Rep. Marjorie Taylor Greene, a Georgia Republican running for reelection, is the latest lawmaker to face a candidacy challenge over her actions before the January 6, 2021, attack on the US Capitol.
The challenge was filed by the same coalition of constitutional scholars and liberal activists who unsuccessfully tried to block Rep. Madison Cawthorn from the GOP primary ballot in North Carolina.
The new challenge against Greene, which was filed this week with the Georgia secretary of state, could potentially force Greene to testify under oath about the Capitol riot. An official from the secretary of state’s office confirmed to CNN that the challenge was filed on Thursday and said an administrative judge will be assigned, according to state law, to “evaluate the merits of the allegations.”
In their legal challenge, the groups zeroed in on many of Greene’s comments before January 6, 2021. In one video, she explicitly said she opposed the transfer of power from then-President Donald Trump to then-President-elect Joe Biden because Biden “did not win this election” and is “guilty of treason.”
“She was involved in either planning the attack on January 6, or alternatively the planning of the pre-attack demonstration and/or march on the Capitol with knowledge that it was substantially likely to lead to the attack, and otherwise voluntarily aided the insurrection,” the challengers wrote in a 42-page filing, citing Greene’s social media posts and news reports about her alleged meetings with January 6 rally organizers.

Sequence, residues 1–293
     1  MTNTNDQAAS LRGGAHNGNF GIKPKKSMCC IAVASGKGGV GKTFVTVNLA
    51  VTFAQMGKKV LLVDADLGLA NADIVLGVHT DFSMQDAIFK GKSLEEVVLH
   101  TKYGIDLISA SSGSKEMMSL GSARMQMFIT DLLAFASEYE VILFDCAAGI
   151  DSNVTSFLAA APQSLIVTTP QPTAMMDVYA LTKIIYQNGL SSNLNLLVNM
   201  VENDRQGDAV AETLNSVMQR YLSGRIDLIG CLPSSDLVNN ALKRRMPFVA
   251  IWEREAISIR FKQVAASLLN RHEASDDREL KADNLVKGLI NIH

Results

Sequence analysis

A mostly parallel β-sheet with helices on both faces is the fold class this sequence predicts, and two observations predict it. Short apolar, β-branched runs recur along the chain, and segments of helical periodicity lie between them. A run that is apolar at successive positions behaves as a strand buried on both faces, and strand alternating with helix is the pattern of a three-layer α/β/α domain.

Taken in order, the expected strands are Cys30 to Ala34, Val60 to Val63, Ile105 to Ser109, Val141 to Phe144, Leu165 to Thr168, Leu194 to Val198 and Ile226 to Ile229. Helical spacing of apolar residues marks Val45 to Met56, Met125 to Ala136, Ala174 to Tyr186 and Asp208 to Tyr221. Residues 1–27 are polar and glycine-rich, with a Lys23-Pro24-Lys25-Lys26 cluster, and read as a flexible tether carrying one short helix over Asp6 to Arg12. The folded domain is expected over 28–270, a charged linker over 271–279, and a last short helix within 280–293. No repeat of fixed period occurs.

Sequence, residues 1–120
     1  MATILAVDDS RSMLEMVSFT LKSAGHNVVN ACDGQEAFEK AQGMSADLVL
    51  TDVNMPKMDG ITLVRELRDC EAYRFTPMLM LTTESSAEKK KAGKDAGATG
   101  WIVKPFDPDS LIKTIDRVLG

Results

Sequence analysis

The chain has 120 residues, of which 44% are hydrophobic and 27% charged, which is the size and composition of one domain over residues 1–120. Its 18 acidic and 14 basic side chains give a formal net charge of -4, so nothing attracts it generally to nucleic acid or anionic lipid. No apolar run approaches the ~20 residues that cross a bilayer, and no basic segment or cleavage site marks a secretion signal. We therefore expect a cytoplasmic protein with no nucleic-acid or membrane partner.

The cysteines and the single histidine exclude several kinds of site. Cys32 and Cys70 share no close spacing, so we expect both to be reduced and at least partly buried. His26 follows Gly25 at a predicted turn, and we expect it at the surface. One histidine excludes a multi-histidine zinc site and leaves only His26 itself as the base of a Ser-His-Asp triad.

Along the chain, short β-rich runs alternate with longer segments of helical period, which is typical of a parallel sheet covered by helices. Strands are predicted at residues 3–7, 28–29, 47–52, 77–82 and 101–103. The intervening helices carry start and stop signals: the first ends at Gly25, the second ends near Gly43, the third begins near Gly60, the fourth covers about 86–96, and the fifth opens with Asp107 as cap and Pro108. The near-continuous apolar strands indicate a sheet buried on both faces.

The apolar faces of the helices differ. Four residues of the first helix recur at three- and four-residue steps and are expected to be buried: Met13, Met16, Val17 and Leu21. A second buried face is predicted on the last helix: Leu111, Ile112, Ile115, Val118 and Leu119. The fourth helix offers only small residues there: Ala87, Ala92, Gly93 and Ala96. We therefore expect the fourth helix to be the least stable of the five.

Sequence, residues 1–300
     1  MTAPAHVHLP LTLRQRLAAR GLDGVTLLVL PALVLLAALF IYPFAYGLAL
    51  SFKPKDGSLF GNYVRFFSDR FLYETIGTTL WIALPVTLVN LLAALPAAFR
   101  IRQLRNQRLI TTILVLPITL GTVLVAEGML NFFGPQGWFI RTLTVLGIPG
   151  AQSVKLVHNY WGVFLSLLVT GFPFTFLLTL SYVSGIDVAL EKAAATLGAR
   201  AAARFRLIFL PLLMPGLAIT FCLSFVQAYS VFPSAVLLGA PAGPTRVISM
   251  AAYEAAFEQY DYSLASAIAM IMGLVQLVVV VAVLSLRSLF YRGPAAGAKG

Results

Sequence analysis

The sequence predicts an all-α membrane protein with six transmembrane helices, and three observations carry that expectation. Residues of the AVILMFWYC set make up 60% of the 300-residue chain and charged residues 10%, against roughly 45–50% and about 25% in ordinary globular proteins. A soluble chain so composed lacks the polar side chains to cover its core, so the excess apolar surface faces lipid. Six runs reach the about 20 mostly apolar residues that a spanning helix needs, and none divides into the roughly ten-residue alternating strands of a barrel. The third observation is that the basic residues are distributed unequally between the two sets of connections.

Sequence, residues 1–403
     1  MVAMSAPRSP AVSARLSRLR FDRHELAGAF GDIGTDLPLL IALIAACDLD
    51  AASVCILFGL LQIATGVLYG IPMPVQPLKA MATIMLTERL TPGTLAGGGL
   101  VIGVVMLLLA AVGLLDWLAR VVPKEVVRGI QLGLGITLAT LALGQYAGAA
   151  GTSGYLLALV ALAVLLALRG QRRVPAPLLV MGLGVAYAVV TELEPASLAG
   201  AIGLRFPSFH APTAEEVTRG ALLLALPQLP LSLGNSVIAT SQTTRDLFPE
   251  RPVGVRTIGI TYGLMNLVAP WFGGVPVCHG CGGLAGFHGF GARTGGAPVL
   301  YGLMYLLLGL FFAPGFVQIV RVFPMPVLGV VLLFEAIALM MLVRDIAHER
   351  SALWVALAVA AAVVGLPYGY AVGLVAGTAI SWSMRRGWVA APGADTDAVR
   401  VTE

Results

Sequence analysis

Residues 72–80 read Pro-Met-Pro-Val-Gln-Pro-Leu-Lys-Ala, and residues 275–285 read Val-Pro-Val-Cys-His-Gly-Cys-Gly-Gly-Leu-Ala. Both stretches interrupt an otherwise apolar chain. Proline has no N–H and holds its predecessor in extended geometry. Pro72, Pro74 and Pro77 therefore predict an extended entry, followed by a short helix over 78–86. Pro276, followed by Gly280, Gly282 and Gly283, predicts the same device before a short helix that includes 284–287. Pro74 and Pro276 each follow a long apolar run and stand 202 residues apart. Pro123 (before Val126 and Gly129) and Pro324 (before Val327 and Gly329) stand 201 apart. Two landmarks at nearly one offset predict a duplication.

A spokesman for Greene previously said that on January 6, 2021, she was solely focused on objecting to Biden’s electoral votes on the House floor and “had nothing to do with planning of any protest.”
In a statement to CNN on Thursday, Greene said she has “never encouraged political violence and never will,” and pointed out that a federal judge recently blocked a similar challenge against Cawthorn.
“This is the same evil playbook the dishonest Communist Democrats use against President Trump and his family,” Greene said in the statement. “Now they are using it on me, because they know I’m effective and will not bow to the DC machine.”
There are now three prominent efforts underway to disqualify GOP officeholders based on the “disqualification clause” of the 14th Amendment, which states that officeholders are prohibited from returning to elected positions if they supported an insurrection against the United States.
Free Speech For People, a legal advocacy organization, and Our Revolution, a left-wing activist group, filed the challenge against Greene and also led the unsuccessful effort to block Cawthorn from the GOP primary ballot in North Carolina. Some of the county election officials in his district told CNN that their ballots are already printed with Cawthorn among the candidates, and the first mail ballots will be sent out Monday.
The groups can continue trying to disqualify Cawthorn after the primary, but it will be an uphill fight. Cawthorn says he isn’t an insurrectionist and denies any wrongdoing related to the Capitol insurrection.
A government watchdog group, Citizens for Responsibility and Ethics in Washington, has filed a lawsuit in New Mexico seeking to remove Couy Griffin, a county commissioner, from office. Griffin was found guilty by a federal judge this week in Washington, DC, of trespassing on Capitol grounds during the riot. His conviction could give momentum to the disqualification attempt.
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